It’s hard to believe he’s been gone for a quarter of a century, but this year marks the 25th anniversary of the passing of novelist Louis L’Amour.

The legendary author is the undisputed king of Western fiction, with sales that reached into the hundreds of millions of copies while he was alive. His death has hardly slowed the demand, as any visit to a bookstore will demonstrate.

Country rocker Charlie Daniels was a personal friend of L’Amour’s, and to commemorate this anniversary, we sought Daniels’ assessment of L’Amour’s best books (see p. 64). Upon learning of his friend’s death, Daniels wrote a poetic tribute to the author who had inspired him so much. Shared here is a stanza from “Top Hand” that expresses a sentiment we all ought to adopt: “Hey, come on all you fellers, get your chins up off the ground. Ain’t no need in y’all a-moping, ain’t no need in being down.‘Cause old Lando’s guns are blazing, and there’s Indians on the plains. And there still ain’t no gunslinger half as fast as Utah Blaine.”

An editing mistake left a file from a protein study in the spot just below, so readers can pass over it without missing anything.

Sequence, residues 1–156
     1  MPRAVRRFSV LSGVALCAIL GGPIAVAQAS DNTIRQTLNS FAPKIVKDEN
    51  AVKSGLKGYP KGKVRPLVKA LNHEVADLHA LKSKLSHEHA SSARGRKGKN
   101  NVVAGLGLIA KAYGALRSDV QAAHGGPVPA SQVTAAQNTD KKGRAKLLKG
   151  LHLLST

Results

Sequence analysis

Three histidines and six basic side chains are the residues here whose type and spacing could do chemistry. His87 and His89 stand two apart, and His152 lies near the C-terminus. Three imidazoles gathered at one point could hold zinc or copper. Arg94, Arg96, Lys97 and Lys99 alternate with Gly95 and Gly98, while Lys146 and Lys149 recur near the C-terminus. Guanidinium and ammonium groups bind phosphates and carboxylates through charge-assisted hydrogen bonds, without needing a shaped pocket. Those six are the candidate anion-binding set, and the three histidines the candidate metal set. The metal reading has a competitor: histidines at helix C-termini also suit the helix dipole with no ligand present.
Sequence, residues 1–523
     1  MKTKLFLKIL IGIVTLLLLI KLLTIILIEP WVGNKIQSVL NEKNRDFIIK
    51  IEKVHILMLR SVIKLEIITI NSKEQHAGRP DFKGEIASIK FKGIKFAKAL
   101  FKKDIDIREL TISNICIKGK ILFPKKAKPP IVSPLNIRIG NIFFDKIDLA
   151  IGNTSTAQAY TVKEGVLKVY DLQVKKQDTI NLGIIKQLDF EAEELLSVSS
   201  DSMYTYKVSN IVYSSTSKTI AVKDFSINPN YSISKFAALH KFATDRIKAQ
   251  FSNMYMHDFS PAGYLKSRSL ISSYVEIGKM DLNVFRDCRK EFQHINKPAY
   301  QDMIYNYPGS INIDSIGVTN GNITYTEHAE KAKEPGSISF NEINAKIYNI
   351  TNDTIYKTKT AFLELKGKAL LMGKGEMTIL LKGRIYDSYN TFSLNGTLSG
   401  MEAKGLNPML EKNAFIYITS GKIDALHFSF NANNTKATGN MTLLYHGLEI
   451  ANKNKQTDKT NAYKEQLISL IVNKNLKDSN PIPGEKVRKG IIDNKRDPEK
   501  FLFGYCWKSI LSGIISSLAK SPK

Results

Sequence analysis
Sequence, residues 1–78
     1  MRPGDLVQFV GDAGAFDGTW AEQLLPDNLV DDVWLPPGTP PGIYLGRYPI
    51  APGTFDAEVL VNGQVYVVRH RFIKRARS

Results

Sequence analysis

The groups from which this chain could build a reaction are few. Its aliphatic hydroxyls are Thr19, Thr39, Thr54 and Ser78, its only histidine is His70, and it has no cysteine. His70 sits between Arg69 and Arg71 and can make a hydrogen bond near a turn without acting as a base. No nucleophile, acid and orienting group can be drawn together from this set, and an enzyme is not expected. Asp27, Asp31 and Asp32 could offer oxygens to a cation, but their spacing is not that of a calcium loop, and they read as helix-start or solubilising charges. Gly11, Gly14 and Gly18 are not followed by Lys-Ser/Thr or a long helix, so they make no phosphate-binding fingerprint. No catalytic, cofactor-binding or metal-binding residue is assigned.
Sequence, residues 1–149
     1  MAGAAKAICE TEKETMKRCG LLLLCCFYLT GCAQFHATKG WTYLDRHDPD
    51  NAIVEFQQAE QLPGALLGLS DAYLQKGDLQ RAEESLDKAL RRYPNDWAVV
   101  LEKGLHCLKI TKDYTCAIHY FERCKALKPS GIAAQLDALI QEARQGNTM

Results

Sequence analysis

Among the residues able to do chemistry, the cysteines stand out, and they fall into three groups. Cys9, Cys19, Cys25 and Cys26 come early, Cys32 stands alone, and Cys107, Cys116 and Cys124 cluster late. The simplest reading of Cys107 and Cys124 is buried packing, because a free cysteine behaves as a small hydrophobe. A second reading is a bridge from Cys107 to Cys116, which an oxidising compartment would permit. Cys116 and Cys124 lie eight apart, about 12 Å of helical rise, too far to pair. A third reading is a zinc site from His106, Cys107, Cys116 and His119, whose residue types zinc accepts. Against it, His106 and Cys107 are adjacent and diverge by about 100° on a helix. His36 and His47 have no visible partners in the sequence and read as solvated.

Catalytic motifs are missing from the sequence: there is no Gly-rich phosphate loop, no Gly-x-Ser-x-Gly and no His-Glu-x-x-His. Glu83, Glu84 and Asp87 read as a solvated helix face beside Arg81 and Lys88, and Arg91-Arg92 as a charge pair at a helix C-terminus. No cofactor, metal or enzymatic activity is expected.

We got our hands on a cracking good Civil War book, Wayne D. Jorgenson’s Every Man Did His Duty, about the colorful First Minnesota volunteer Union unit. This is a sumptuous volume, coffee table-sized, turned out on fine coated stock and lavishly illustrated. For those whose interests run to the Apache Wars, this book’s mini-profiles include a five-page vignette of Al Sieber, former chief of scouts under Gen. George Crook.

—Jesse Mullins

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